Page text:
Rick Hess and Michael McShane of the AMERICAN Enterprise Institute bring a fresh perspective from their perch on the right. Writing in the conservative journal Education Next, they speculate on the reasons for the disappointing results of No Child Left Behind and Race to the Top, the twin policies of Bush and Obama.

Policy makers in Washington loved the ideas of testing, accountability, choice, and national standards. Yet, we now know that these policies were controversial and ultimately ineffective. NAEP scores flatlined, and there is little or no evidence that these policies succeeded.

They write:

“Within a few years, though, those Obama administration efforts—especially its support for teacher evaluation and the Common Core state standards—would themselves turn controversial, breeding backlash that rivaled the dissatisfaction with NCLB. Obama’s reforms would get mired in bitter debates about their emphasis on test scores and whether they constituted federal overreach.

“The results of all this activity were decidedly mixed. There’s some evidence that NCLB’s accountability push led to modest test score gains, at least early on (though one can reasonably ask how much of those gains was evidence of schools “getting better” and how much might have been due to teachers shifting time and energy from other subjects to reading and math instruction). Over the past decade, however, the National Assessment of Educational Progress has shown an unprecedented flat-lining of achievement growth. Research suggests that ambitious efforts to remake teacher evaluation did not lead to meaningful changes in how candidly teachers are actually evaluated, and that the $7 billion in the federal School Improvement Grant program did not, on average, improve achievement in participating schools. The Common Core and many of these other efforts may yield benefits down the road, but the results have certainly not been revolutionary and are widely perceived to be disappointing.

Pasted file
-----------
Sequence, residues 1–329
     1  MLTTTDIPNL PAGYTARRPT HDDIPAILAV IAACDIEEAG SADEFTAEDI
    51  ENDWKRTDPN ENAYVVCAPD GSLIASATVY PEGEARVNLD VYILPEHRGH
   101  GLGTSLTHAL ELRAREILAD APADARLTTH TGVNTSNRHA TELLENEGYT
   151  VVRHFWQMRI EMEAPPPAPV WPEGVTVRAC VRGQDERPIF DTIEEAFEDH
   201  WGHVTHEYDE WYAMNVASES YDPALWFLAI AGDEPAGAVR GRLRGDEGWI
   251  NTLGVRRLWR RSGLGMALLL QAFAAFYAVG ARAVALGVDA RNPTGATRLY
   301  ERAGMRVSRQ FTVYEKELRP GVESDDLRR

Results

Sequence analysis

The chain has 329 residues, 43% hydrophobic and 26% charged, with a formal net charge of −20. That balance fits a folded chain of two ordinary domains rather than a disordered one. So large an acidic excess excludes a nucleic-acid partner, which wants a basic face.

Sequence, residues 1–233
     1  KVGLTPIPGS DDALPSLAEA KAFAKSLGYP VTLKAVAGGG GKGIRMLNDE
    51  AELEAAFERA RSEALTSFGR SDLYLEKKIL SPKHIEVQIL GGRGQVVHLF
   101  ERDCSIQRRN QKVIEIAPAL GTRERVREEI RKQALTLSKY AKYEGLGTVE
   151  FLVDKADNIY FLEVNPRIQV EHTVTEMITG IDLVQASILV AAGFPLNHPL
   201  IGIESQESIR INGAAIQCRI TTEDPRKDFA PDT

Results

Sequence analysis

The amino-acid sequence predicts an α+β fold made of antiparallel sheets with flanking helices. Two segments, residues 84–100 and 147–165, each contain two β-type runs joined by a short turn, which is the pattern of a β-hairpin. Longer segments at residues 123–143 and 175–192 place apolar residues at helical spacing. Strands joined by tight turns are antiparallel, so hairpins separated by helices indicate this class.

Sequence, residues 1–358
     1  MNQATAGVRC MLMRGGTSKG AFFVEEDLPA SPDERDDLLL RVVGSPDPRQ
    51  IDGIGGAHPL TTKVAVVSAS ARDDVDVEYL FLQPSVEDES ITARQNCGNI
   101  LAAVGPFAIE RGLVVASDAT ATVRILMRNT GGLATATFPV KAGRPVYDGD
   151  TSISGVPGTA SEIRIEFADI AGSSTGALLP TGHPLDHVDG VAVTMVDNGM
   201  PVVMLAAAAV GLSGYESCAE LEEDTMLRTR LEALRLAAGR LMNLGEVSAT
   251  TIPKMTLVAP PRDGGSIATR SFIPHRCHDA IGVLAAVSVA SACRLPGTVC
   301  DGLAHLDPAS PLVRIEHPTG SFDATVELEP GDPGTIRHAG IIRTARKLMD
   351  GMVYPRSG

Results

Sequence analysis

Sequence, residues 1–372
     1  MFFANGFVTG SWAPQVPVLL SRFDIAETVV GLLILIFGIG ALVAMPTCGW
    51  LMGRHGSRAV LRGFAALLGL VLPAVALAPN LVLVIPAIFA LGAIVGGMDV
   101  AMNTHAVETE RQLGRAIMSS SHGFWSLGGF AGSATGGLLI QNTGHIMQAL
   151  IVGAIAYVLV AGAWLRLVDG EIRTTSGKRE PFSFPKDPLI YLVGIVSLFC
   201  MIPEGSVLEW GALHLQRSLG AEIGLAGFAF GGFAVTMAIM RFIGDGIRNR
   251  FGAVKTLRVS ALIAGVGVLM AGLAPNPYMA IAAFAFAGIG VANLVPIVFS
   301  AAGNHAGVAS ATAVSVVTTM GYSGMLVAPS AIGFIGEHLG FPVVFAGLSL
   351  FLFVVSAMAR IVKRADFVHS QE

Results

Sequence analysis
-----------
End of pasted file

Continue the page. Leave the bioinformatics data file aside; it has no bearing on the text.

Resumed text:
“This brief recap prompts a simple query: What happened? Why did each of these initially promising, seemingly popular efforts at federal leadership ultimately lose its luster? Were the high-profile initiatives of the Bush-Obama years a much-needed kick-start that forced America to get serious about school improvement, or a recipe for slipshod policymaking and rushed implementation that ultimately undermined reform? Did these reforms reflect a gutsy commitment to putting students first or political gamesmanship that yielded a counterproductive series of distracting mandates?”

There is no reason to believe that the latest version of these policies—the Every Students Succeeds Act—Will fare any differently.